The City of Vancouver is looking into its options after the owner of fire-damaged home in the First Shaughnessy Heritage Conservation Area failed to meet a deadline to install a protective covering to shield the home from the elements.
Located at 3737 Angus Dr., the home was damaged in a suspicious fire last October. The city examined the home on Oct. 27, 2017 and noted the roof structure was extensively damaged, but the lower level openings were all boarded and perimeter fencing and 24-hour security was in place.
Since the house is in the Heritage Conservation Area, and is a protected heritage property, it’s subject to the Heritage Property Standards of Maintenance bylaw.
The city told the Courier a structural engineer representing the property owner determined the building could be salvaged following a site visit in late October — an assessment that was supported by a city district building inspector.
On Nov. 1, the city ordered the owner to install the protective covering over the building to minimize weather and water damage.
Since then, the owner asked for extensions, informing the city that the extent and nature of the damage requires selective demolition of the damaged sections, which will require more time to complete to address WorkSafeBC requirements due to structural and material hazards.
The city granted those requests and gave a Feb. 16 deadline to comply with the Nov. 1 order.
The city inspected the home after Feb. 16 and found that the owner had not complied with the order.
But the Heritage Property Standards of Maintenance bylaw doesn’t contain a provision for the city to do the work at the owner’s expense. Any change to that bylaw would require amendments to the Vancouver Charter. This would need to be approved by the province, according to the city.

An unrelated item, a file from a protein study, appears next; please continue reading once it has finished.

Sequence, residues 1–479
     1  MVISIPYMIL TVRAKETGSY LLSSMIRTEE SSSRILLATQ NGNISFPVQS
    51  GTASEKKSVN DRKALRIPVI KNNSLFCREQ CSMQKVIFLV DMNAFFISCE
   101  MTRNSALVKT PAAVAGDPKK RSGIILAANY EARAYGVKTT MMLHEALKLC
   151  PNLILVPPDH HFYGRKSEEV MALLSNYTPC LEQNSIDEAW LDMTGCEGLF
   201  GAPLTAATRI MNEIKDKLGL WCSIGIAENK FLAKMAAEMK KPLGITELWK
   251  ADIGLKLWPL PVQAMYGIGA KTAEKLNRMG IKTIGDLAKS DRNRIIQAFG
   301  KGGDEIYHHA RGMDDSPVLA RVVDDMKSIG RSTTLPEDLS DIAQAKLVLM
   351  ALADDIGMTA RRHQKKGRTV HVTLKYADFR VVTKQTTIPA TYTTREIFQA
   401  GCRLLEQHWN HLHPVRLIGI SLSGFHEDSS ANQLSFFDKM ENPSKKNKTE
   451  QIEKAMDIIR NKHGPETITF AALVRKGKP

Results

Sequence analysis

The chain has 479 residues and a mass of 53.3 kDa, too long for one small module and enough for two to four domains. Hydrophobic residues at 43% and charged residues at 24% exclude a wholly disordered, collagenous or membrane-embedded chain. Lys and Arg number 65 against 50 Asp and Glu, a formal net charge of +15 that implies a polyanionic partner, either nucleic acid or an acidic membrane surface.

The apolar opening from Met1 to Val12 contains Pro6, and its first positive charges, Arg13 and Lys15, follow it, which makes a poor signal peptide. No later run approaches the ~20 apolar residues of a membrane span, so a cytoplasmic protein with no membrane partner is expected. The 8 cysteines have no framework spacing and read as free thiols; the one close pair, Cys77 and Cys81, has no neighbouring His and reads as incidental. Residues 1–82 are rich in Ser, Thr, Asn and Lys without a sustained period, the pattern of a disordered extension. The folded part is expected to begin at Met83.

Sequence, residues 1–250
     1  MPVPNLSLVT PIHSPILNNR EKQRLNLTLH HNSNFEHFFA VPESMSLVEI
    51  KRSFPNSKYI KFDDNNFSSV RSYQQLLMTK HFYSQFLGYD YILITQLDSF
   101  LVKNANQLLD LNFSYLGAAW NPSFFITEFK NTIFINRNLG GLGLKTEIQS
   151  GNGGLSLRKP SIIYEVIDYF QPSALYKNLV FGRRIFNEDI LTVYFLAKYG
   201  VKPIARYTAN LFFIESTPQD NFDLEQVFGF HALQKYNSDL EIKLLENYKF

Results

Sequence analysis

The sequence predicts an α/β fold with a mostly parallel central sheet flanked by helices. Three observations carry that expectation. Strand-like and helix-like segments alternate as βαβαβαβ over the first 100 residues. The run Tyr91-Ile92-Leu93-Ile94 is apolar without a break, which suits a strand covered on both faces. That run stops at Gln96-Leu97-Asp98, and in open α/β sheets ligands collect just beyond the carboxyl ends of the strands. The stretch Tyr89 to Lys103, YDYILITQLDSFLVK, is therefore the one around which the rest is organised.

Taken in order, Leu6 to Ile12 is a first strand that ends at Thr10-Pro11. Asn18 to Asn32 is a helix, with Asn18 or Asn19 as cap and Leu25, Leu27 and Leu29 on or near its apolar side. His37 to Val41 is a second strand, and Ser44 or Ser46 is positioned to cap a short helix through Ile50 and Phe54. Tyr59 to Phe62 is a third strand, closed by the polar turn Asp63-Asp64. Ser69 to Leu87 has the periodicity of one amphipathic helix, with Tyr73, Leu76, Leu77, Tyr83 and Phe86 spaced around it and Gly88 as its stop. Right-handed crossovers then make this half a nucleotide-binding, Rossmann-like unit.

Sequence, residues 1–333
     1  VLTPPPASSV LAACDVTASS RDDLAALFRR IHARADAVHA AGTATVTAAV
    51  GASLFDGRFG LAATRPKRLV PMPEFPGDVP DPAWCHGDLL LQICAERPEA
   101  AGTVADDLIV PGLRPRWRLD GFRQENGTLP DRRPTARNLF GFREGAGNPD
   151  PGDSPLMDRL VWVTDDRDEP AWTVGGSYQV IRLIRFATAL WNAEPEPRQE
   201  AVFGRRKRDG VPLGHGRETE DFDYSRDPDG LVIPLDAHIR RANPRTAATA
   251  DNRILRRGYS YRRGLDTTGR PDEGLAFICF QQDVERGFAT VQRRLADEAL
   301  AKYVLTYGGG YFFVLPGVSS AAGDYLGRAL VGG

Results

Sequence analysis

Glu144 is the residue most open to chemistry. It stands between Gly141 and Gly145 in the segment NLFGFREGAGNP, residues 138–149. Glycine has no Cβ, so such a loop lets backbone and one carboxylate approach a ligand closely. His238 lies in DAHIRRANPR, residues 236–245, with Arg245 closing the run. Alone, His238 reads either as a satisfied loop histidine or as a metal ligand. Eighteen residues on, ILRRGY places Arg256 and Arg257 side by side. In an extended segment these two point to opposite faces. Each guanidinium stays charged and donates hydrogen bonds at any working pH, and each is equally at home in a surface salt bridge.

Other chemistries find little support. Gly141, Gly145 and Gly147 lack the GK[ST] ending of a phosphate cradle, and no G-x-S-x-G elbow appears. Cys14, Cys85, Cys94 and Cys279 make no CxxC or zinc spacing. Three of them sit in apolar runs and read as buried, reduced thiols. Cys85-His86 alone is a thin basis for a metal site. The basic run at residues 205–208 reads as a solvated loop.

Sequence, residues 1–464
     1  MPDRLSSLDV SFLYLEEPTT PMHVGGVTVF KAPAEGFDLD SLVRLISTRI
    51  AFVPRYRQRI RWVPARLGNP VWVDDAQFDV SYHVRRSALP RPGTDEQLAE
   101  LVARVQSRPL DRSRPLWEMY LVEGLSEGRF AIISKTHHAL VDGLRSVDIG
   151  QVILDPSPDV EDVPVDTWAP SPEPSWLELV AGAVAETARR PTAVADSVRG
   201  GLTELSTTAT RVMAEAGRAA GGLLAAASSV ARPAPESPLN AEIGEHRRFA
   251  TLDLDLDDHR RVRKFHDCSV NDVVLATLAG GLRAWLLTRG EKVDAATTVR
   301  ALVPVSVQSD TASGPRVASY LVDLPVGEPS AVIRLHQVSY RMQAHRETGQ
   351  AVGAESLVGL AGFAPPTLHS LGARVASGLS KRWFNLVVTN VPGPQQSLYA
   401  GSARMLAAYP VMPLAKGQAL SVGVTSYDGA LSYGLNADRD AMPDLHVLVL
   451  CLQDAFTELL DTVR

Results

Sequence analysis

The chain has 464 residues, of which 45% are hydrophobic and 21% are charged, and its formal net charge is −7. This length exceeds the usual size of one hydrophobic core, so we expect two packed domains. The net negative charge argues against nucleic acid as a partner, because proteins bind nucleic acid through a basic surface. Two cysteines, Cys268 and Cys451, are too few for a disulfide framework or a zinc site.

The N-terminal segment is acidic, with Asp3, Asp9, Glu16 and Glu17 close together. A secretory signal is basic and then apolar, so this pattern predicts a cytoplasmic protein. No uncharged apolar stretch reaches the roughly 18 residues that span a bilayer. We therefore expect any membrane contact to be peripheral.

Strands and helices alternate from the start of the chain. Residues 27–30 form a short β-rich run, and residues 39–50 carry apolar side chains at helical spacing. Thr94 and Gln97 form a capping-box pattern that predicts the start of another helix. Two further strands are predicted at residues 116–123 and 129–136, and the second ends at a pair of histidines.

“The city is currently reviewing its options which include referring this matter for prosecution for failure to comply with an order under the Heritage Property Standards of Maintenance Bylaw,” city spokesman Jag Sandhu told the Courier in an email.
The city could also apply for an injunction asking the court to force the owner to do the work.
Meanwhile, under the bylaw, any alteration of a protected heritage property requires a heritage alteration permit (HAP) from the director of planning. Bylaw procedures state the director of planning can refuse to issue a heritage alteration permit if it detracts from the heritage value or heritage character of a protected heritage property.
“So, on this basis, the [director of planning] could refuse a HAP application to significantly alter/demolish/replace the protected heritage building because it would negatively impact the building’s heritage value/character, but would support a HAP to rebuild/reconstruct damaged components,” Sandhu wrote.